Catalogue


All politics is local : family, friends, and provincial interests in the creation of the Constitution /
Christopher Collier.
imprint
Hanover, N.H. : University Press of New England, c2003.
description
xi, 224 p.
ISBN
158465290X (cloth : alk. paper)
format(s)
Book
Holdings
More Details
imprint
Hanover, N.H. : University Press of New England, c2003.
isbn
158465290X (cloth : alk. paper)
catalogue key
5058885
 
Includes bibliographical references and index.
A Look Inside
About the Author
Author Affiliation
Christopher Collier is Professor of History Emeritus at the University of Connecticut.
Full Text Reviews
Appeared in Choice on 2004-07-01:
In this carefully researched and highly readable study of Connecticut's response to the US Constitution, the author debunks decades of interpretation that cites economic relationships or ideological factors as the primary determinant of whether one supported or opposed ratification of the Constitution. Instead, Collier (emer., Univ. of Connecticut) argues that conditions at the community and state level, which he terms "dual localism," were the primary determinants of how one viewed the new Constitution. The great strength of this book is its careful examination of the local webs of family, friendships, politics, economics, and society in late-18th-century Connecticut. While Collier may not be completely successful in refuting existing interpretations of Federalist and Anti-Federalist behavior, this study offers compelling evidence that local conditions played a very important role in influencing one's position on the Constitution, and that scholars who ignore this fact do so at their peril. The final result is a valuable addition to the scholarship of the period, which enhances what is known of local conditions in Connecticut and cautions against ignoring Tip O'Neill's adage that "all politics is local." ^BSumming Up: Highly recommended. Upper-division undergraduates and above. J. C. Arndt James Madison University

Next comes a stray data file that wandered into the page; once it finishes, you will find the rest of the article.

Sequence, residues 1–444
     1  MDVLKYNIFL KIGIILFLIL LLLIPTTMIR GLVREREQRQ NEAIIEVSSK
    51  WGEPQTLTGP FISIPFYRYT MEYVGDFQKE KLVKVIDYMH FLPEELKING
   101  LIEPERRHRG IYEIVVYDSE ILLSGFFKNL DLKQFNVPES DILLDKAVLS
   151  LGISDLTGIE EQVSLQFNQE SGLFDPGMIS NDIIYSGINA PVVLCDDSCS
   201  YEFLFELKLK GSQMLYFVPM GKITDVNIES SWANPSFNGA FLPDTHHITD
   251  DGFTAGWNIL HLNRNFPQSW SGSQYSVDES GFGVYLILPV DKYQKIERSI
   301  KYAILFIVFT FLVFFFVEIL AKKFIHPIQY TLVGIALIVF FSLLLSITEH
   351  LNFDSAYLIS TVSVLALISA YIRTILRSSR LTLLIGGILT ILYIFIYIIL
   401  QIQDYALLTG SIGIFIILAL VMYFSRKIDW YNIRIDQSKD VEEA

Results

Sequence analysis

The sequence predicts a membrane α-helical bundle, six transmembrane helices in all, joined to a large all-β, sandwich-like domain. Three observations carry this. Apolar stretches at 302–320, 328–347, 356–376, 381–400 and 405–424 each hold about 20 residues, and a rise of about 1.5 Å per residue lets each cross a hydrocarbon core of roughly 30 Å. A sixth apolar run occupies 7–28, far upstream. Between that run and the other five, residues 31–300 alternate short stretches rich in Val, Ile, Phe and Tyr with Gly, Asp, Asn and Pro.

Reviews
Review Quotes
"All Politics is Local presents an intriguing discussion of the writing and ratification of the Constitution from the perspective of Connecticut. It is well researched and contains a convincing argument."--The Journal of American History
"All Politics is Local presents an intriguing discussion of the writing and ratification of the Constitution from the perspective of Connecticut. It is well researched and contains a convincing argument."ÑThe Journal of American History